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The Happy Priest on the Feast of the Epiphany and Man's Search for God
By Fr. James Farfaglia
January 3rd, 2011
Catholic Online (www.catholic.org)
"Our hearts are restless, until they find their rest in you". This Sunday's feast of the Epiphany reminds us to reflect on these memorable words of Saint Augustine. The Three Kings of this Sunday's gospel narrative, their lives incomplete, unsatisfied despite their wealth, fame and power, came in search of the only one who can satisfy the deepest aspirations of the human heart. They longed to find the very meaning of their existence.
CORPUS CHRISTI, TX (Catholic Online) - "Our hearts are restless, until they find their rest in you". This Sunday's feast of the Epiphany reminds us to reflect on these memorable words of Saint Augustine.
All human beings will find meaning in life by being open to God. The Three Kings, whose coming we celebrate today, were not Jewish; they came from the Orient. Some scholars believe that they began their travels together from Persia, while others believe that they came from three different regions of the Orient, one of them perhaps being China.
Obviously, the Magi were not part of the chosen people. They were not Jews. Instead they formed part of the vast populace extending throughout the known world at that time, designated by the Jews as pagans, or gentiles.
The Three Kings of this Sunday's gospel narrative, their lives incomplete, unsatisfied despite their wealth, fame and power, came in search of the only one who can satisfy the deepest aspirations of the human heart. They longed to find the very meaning of their existence.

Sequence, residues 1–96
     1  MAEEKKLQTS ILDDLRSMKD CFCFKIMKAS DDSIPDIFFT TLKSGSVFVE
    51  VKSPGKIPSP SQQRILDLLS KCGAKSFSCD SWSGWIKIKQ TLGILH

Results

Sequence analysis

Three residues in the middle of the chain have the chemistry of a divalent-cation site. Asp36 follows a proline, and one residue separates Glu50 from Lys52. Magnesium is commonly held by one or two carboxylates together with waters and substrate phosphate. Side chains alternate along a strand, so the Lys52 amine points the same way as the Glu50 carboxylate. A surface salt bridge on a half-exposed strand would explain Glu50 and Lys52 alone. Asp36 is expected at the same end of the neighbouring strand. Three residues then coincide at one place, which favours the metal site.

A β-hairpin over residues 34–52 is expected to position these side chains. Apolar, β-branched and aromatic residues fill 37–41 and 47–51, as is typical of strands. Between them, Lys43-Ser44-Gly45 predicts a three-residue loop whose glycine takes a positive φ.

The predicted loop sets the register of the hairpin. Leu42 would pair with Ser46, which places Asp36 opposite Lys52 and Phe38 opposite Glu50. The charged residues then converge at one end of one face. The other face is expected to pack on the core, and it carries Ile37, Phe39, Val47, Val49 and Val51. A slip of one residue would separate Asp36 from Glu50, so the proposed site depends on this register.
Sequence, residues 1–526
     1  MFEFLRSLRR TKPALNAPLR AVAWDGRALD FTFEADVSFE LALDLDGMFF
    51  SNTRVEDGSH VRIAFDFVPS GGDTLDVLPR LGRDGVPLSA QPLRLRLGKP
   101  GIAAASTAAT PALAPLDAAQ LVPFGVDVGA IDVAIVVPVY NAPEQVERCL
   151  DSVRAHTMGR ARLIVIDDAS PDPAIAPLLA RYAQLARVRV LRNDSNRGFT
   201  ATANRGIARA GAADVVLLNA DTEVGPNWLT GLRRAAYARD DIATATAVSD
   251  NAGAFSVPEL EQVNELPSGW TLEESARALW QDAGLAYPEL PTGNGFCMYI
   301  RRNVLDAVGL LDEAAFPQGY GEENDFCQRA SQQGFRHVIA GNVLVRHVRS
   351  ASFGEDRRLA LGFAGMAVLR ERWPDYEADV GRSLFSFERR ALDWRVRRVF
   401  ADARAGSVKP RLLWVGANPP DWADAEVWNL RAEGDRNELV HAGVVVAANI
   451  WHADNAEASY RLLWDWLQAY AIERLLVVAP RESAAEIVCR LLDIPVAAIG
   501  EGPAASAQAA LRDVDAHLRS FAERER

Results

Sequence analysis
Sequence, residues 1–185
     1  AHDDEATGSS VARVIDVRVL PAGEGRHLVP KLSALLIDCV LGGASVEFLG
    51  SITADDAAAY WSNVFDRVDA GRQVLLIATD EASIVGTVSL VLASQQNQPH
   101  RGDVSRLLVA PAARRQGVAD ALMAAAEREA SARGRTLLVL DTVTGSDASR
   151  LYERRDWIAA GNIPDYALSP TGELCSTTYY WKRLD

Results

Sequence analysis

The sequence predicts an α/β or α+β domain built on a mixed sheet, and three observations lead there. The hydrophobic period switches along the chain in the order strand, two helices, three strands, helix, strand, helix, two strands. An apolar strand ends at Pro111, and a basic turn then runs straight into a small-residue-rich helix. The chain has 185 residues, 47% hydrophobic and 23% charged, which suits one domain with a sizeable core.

After a long and difficult search, they discovered the place where he lay. They encountered the one who had come to redeem mankind and fulfill our intense longings. Knowing him for who he is, the Messiah, the Magi have brought him the most appropriate gifts: gold for a king, frankincense for a priest, and myrrh for a victim. They recognize that he is Jesus the Christ, the only one through whom salvation can be found.
Because the Three Kings were open, they were given the gift of faith. Through this gift they searched, they found, and they believed. Actually, the word epiphany is from the Greek which means manifestation. Jesus the Messiah reveals his divinity to the Three Kings.
Certainly today, three of the most blinding obstacles we encounter in the search for meaning and truth are secularism, relativism and pride.
Secularism only concerns itself with the here and now. It has no use for matters regarding the existence of God, the immortality of soul, or the eternal destiny of man
The secularist passionately seeks human progress without any reference to the spiritual dimension of the human person. The secularist is only concerned with this life and has no concern with religion. In fact, the secularist attempts to experience human satisfaction through involvement in seemingly noble enterprises that are in essence missing the total picture of man's true needs.
Secularism keeps us from searching for God; it keeps us from finding true meaning in life. Historically, the Catholic Church has never had to deal with secularism until the arrival of our modern age. Secularism and paganism are very different indeed.
The pagan believes in the transcendent. The pagan has an understanding that there is an afterlife and that the soul is immortal. The pagan also lives by a moral code that has its roots in divine law. In contrast, for the secularist, there is no God, no eternal life, and morality is arbitrarily contrived without any reference to God.
The mission of the Church in the secularist world is very difficult indeed simply because the pagan is much more open to truth and can be easily converted, whereas the secularist is usually as hard as a rock. Sometimes the secularist opens up to the true meaning of life through some terrible tragedy such as a dreadful sickness or even death itself. However, many times the secularist is so closed off to the transcendent that no movement toward God is even possible.